IBM Study Shows CMOs Fail To Monitor Digital Channels

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“From Stretched to Strengthened,” IBM’s latest Global Chief Marketing Officer Study, interviewed 1,734 CMOs from 19 industries and 64 countries. Topline findings converge on three points:

  • The empowered customer is now in control of the business relationship
  • Delivering customer value is paramount — and an organization’s behavior is as important as the products and services it provides
  • The pressure to be accountable to the business is not just a symptom of hard times, but a permanent shift that requires new approaches, tools and skills.

While 82% of marketing chiefs rely on traditional market research — which delivers information about consumers in the aggregate — comparatively few “are exploiting the full power of the digital grapevine,” with only 26% regularly tracking blogs, 42% tracking third-party reviews and only 48% tracking consumer reviews.[more]

Four major priorities concern CMOs: the data explosion, social media, proliferation of channels and devices and shifting consumer demographics. Providing numbers that show an ROI for marketing is a close fifth, with 63% believing this will be the most important measure of success in the next three to five years, but only 44% prepared to manage the process.

IBM warns that a majority of CMOs are missing the personal touch, by paying more attention to markets than individuals and “peddling, not partnering,” and favoring data over relationships. The researchers offer three key areas for improvement: understand and deliver value to empowered customers; create lasting relationships with those customers; measure marketing’s contribution to the business in relevant, quantifiable terms.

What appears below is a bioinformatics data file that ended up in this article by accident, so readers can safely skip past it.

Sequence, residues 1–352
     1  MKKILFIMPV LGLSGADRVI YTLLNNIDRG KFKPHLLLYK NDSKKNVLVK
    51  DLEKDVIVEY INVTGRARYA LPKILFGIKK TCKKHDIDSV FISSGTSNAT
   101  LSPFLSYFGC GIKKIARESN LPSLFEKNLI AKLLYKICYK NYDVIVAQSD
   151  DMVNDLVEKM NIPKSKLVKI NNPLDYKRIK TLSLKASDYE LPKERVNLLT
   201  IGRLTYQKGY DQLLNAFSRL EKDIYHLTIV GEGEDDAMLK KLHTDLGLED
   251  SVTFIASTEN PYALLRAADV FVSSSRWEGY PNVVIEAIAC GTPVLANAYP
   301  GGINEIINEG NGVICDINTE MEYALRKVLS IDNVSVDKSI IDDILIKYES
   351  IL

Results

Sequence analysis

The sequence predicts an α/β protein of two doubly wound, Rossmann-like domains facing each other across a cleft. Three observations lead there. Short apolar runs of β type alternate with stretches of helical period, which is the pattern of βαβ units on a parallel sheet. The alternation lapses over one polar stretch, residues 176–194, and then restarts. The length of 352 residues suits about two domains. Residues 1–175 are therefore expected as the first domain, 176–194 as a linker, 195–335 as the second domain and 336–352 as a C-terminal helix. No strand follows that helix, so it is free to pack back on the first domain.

While more than half of the interviewees are confident their organization’s corporate character is understood in the marketplace, just 20% believe their employees are fully on board, and 75% believe marketing should oversee brand reputation inside and outside the enterprise.

Conclusions on how to “Get fit for the future” include:

  • Create value for customers as individuals
  • Reprioritize investments to analyze digital channels to access customers’ views and use advanced analytics to recognize preferences and trends across every touch point
  • Work with IT to assess potential data and infrastructure exposures, employ tools to secure customer data and update privacy policies to address customers’ concerns
  • Capitalize on new digital channels to stimulate customer conversations and new relationships; use tangible incentives to attract followers.

“Marketing people will need unique skills in the near future. They’ll need to be capable of integrating marketing and IT – like footballers who can kick with both feet,” concludes Jeroen de Punder, CMO of Ricoh Netherlands.

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